Before you apply to graduate school in science or engineering, it’s important to take a moment to ask yourself WHY. Many people apply to STEM grad programs because they were excellent students through their undergraduate education, not realizing that graduate school is a very different beast.
If you are excited about a PhD because you were a good undergrad student and aren’t sure what you want to do next, think carefully about whether a PhD is right for you. While you (may) find the jobs you are qualified for after a PhD more satisfying, and they may be better compensated, remember that you will first spend 4-5 years (or more, if you choose to pursue a postdoc!) making a stipend that covers the cost of living, but not much else. For context, PhD candidates’ salaries are typically in the high $20K to low $30K range per year, depending on if you’re in science (lower) or engineering (higher) and the cost of living where your school is located.
Now, if you’re still thinking about it, here are a few reasons pursuing a PhD might be a great fit for you:
You enjoy working independently on problems that nobody has solved before
In graduate school, you are, by definition, working on problems that nobody has solved before. That means that you’re responsible for both thinking about your work at a high level (how is this work interesting and important? What is the motivation for what I’m doing?) as well as proposing and developing solutions to technical challenges. NOBODY will give you a detailed description of exactly what you should be developing: YOU are in charge of both setting the goalposts appropriately AND reaching those goals. You will get feedback, advice, resources, and mentorship from many people along the way…. But, at the end of the day, the thesis is YOUR work. This is a tremendous change from the problem sets and exams of an undergraduate degree!
You want to eventually work at a company doing research and development at a high level
In many companies, only so much technical progression along a research and development path is available to people without a PhD. I have had several friends and colleagues who returned to graduate school after several years of working because they found they weren’t happy with the work they were doing, and there were no opportunities for the career advancement they wanted without a PhD.
You hope to pursue a career as a researcher employed at a government laboratory (NIH, one of the national labs or defense labs)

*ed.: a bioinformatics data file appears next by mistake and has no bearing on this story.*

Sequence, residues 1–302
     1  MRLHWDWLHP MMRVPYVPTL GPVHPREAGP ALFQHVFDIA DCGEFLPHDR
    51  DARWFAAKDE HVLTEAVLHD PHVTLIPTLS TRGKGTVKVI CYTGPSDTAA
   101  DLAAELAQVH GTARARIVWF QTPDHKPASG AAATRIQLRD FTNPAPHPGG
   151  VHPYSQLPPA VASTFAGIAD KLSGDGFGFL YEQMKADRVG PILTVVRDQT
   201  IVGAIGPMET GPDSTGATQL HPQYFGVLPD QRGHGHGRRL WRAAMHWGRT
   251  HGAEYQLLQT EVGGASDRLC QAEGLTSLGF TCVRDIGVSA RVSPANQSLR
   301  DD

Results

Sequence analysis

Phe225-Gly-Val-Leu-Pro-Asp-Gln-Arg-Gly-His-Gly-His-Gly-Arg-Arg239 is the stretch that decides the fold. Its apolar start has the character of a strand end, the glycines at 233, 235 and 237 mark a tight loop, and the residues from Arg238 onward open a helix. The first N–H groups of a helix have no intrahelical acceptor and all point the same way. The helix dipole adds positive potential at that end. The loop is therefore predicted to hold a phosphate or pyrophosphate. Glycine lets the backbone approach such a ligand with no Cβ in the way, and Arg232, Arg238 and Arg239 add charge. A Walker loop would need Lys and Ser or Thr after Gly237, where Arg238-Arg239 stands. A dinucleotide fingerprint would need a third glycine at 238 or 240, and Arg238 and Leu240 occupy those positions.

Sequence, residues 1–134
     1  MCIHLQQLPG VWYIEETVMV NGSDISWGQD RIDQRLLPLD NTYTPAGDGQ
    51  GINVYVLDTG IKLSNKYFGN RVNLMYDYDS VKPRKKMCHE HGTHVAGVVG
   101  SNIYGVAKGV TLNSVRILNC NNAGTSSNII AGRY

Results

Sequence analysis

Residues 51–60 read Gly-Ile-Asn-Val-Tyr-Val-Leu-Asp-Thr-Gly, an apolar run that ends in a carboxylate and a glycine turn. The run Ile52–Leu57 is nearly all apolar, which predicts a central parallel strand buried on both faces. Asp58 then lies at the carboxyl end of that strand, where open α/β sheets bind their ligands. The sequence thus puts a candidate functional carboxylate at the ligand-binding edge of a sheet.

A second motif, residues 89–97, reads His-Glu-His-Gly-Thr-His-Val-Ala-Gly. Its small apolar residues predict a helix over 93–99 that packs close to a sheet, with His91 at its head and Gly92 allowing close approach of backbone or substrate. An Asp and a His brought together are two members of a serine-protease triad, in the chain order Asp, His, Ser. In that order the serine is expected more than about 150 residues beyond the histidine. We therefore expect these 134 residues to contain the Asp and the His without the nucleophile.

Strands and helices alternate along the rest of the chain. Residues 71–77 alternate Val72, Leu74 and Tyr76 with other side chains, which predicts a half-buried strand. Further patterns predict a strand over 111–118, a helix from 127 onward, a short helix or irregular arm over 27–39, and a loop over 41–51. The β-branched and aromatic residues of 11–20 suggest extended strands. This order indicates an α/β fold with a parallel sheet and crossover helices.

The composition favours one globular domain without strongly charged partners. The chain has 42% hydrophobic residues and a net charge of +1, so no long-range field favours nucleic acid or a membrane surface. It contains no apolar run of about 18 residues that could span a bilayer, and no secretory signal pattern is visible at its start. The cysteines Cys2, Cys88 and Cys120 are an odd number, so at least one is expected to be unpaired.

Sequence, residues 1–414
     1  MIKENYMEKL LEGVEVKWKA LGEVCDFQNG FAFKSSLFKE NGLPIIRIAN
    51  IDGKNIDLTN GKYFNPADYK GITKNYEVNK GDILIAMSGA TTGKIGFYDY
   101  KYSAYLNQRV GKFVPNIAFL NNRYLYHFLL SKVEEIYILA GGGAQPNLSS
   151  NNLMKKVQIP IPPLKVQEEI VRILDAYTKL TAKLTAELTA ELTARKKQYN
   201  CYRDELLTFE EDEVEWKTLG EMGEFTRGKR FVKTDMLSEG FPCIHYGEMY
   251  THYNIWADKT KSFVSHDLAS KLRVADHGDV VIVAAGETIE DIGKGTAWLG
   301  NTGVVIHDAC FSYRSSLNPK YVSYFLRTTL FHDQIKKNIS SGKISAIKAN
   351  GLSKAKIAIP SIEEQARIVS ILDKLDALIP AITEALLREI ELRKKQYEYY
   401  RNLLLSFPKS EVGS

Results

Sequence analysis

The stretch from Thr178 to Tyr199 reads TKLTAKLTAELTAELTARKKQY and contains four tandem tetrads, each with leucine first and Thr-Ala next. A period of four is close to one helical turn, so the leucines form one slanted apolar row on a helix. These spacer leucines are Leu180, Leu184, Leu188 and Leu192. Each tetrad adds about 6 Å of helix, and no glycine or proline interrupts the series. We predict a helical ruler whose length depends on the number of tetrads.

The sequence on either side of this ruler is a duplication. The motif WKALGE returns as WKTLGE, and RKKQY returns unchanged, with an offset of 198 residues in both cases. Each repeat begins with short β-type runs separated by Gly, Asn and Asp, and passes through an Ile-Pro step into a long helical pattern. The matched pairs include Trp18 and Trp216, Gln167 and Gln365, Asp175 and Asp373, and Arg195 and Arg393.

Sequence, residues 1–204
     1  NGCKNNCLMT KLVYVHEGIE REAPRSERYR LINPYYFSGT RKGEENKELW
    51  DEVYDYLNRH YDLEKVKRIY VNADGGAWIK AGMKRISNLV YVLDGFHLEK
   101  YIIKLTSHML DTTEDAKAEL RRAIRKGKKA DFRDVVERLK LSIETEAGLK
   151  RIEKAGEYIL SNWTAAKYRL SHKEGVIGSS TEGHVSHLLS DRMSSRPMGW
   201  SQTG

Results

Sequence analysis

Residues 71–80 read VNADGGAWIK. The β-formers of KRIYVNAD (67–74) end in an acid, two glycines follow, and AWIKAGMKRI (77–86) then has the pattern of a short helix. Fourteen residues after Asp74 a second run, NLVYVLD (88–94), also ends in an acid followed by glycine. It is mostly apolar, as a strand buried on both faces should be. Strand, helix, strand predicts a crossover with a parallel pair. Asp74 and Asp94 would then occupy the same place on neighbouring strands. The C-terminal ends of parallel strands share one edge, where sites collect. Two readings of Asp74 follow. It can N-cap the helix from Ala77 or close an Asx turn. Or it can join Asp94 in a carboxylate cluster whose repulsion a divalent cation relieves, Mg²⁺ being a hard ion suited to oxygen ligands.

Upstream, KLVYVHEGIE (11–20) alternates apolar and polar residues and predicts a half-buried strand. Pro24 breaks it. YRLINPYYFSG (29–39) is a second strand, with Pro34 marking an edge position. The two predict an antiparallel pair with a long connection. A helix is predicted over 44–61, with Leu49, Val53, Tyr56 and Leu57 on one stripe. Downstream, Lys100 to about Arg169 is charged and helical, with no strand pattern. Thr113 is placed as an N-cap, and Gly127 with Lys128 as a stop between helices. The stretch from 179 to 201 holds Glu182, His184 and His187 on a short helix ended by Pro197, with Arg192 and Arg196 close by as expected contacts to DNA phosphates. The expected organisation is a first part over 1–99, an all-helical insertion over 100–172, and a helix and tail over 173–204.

Many of these researcher positions are available only to people with PhDs, and the kinds of projects they work on range from basic science to applied research and engineering.
You want to be a professor
Some people think the only career option open to PhD graduates is to become a professor, which is not true! However, a PhD IS needed to become a professor. Some people choose to work at an undergraduate-only institution, where they can be more focused on teaching students, while others go to big research universities where they are expected to write grants to bring in funding for research, conduct research alongside graduate students and postdocs, as well as teach undergraduate and graduate-level courses.
You want to work as a consultant or technical consultant
Many firms such as McKinsey & Co. and the Boston Consulting Group (business consulting) and Exponent (technical consulting) recruit disproportionately among people with science and engineering PhDs.
You hope to pursue a scientific writing/communications-based career
Careers in technical writing for companies, as editors for scientific journals, and working with patent lawyers and intellectual property, all require a level of scientific literacy that is acquired during a PhD.
You are excited about producing new technology and launching a startup
Some schools have programs, competitions, and incubators to help PhD students interested in entrepreneurship turn their ideas and technologies into a company. Programs such as dual PhD/MBA programs even exist.
If one or more of these paths sounds exciting to you, applying to, and pursuing, a PhD in science and engineering might be a good choice. Depending on what career path you are interested in, you will want to find a school, program, and professor that matches your interests. For example, if you’re interested in eventually starting a company, joining a research group that has done this before at a school with entrepreneurship programs is a good idea. Looking up prior graduates from groups that you join and seeing what they end up doing is a good way to see if the experience you would have in that group will prepare you for your long-term goals.